Archive for October 18th, 2007

Sider on the evangelical conscience

Thursday, October 18th, 2007

I am most familiar with the author Ronald J. Sider as an evangelical Christian who emphasises the social issues, with his books like “Rich Christians in an Age of Hunger”, so I was interested to come across a reference to his 2005 book, “The Scandal of the Evangelical Conscience: Why Are Christians Living Just Like the Rest of the World?“.

I haven’t read it, but based on an interview in Christianity Today, I think I’ll add it to my To-Read list.

Some statements from the interview

The heart of the matter is the scandalous failure to live what we preach. The tragedy is that poll after poll by Gallup and Barna show that evangelicals live just like the world. Contrast that with what the New Testament says about what happens when people come to living faith in Christ. There’s supposed to be radical transformation in the power of the Holy Spirit. The disconnect between our biblical beliefs and our practice is just, I think, heart-rending.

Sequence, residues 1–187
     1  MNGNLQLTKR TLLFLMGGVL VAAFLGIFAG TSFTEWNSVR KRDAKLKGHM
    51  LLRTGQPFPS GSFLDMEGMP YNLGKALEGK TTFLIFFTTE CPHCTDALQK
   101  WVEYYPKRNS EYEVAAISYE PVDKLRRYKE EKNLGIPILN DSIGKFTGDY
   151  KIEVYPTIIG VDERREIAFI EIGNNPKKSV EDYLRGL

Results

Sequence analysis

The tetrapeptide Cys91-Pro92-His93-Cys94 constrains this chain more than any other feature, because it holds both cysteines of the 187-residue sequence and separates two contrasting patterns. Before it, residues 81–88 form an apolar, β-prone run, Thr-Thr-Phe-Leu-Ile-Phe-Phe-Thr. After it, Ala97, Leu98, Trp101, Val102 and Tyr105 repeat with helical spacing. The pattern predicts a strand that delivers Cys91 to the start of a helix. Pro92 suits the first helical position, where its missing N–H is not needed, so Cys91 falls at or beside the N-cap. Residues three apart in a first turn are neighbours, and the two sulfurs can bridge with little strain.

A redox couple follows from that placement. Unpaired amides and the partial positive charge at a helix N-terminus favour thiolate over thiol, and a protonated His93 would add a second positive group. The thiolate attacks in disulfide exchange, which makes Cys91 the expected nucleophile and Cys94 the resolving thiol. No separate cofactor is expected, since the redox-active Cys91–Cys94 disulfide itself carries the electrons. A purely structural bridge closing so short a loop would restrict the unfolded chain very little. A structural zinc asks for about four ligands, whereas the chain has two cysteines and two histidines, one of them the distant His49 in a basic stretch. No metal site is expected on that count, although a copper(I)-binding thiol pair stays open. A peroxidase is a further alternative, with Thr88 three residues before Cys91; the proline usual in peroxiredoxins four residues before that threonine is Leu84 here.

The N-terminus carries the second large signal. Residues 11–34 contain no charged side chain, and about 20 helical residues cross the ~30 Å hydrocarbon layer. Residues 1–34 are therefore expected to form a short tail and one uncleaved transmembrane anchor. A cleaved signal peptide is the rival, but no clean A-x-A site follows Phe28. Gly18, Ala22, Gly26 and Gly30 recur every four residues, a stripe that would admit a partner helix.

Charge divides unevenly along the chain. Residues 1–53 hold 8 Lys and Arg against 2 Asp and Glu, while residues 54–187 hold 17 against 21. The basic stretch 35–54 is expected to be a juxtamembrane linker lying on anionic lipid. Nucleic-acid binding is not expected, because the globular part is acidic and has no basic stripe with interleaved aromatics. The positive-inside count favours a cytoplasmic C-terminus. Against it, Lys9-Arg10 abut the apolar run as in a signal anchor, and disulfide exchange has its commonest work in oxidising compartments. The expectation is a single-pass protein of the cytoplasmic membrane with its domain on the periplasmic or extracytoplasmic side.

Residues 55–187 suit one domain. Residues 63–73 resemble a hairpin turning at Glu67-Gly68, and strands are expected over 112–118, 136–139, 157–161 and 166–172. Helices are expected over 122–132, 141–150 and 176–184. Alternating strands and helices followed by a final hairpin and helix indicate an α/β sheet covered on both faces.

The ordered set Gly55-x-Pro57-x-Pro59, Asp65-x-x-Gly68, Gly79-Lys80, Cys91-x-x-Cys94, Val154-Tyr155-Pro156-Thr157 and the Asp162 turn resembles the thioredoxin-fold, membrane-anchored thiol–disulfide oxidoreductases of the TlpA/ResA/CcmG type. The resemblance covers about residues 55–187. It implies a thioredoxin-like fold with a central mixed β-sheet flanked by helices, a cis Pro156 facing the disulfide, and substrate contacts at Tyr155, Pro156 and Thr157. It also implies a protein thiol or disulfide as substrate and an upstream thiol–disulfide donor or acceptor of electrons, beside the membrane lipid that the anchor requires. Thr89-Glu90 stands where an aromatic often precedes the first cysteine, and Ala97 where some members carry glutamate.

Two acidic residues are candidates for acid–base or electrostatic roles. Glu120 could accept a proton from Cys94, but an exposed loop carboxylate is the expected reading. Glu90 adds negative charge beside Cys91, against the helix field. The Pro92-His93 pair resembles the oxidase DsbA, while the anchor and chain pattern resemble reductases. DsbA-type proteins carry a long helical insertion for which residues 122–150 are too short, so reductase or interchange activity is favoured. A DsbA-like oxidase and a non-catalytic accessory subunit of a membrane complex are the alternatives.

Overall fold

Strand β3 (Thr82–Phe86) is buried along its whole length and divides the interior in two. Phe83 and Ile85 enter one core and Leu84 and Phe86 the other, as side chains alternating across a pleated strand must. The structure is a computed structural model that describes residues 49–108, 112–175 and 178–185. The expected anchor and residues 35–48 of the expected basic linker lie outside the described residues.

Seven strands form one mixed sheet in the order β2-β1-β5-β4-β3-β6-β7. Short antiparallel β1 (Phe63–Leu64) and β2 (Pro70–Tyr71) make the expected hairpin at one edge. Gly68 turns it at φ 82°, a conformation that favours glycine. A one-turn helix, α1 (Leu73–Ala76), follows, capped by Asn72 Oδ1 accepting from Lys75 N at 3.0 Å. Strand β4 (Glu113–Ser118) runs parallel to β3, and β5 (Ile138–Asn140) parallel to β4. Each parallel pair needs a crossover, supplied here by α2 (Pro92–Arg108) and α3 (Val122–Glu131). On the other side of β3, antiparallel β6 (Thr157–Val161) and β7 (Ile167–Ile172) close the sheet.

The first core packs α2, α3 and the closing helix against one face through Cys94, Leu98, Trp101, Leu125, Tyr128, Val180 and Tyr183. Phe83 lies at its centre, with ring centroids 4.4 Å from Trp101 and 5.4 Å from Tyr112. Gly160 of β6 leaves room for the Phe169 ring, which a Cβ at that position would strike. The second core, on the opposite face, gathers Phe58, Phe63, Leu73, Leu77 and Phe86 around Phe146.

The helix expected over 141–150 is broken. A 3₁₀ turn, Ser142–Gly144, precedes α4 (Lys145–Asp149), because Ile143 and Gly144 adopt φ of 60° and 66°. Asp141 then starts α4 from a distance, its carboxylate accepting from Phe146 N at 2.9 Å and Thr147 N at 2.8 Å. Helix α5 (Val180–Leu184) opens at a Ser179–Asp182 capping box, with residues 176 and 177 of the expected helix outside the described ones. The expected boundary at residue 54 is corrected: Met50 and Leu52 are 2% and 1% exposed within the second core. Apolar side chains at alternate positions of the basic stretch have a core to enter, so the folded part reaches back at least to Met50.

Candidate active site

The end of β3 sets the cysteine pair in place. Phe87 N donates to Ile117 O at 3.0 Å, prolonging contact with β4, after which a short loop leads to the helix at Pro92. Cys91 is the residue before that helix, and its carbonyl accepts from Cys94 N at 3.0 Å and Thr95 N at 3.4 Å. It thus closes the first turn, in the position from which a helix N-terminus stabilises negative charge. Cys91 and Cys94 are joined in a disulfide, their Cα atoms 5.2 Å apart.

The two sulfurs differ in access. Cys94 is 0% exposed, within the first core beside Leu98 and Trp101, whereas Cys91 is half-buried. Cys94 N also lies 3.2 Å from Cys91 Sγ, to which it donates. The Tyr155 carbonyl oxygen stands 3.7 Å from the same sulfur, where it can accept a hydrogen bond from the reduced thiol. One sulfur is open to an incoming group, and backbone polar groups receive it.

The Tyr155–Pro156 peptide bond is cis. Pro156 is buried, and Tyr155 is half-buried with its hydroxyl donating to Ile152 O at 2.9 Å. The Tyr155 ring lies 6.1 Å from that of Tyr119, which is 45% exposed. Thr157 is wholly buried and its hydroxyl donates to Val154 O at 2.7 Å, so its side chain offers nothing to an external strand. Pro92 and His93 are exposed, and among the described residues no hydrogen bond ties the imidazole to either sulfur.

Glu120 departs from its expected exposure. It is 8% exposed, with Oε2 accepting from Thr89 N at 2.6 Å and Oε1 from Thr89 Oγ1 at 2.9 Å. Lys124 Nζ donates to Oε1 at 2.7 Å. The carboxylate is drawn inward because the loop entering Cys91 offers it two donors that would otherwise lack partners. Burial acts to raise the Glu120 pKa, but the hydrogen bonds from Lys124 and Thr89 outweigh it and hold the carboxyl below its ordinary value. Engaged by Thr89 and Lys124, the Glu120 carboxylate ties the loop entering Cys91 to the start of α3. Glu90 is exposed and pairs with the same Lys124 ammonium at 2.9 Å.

We need to rethink our theology. We need to ask, “Are we really biblical?” Cheap grace is right at the core of the problem. Cheap grace results when we reduce the gospel to forgiveness of sins only; when we limit salvation to personal fire insurance against hell; when we misunderstand persons as primarily souls; when we at best grasp only half of what the Bible says about sin; when we embrace the individualism and materialism and relativism of our current culture. We also lack a biblical understanding and practice of the church.

I would think that evangelicals would want to get biblical and define the gospel the way Jesus did—which is that it’s the Good News of the kingdom. Then we see that it means that the way to get into this kingdom is through unconditional grace because Jesus died for us. But it also means there’s now a new kingdom community of Jesus’ disciples, and that embracing Jesus means not just getting fire insurance so that one doesn’t go to hell, but it means embracing Jesus as Lord as well as Savior. And it means beginning to live as a part of his new community where everything is being transformed.

Full interview here.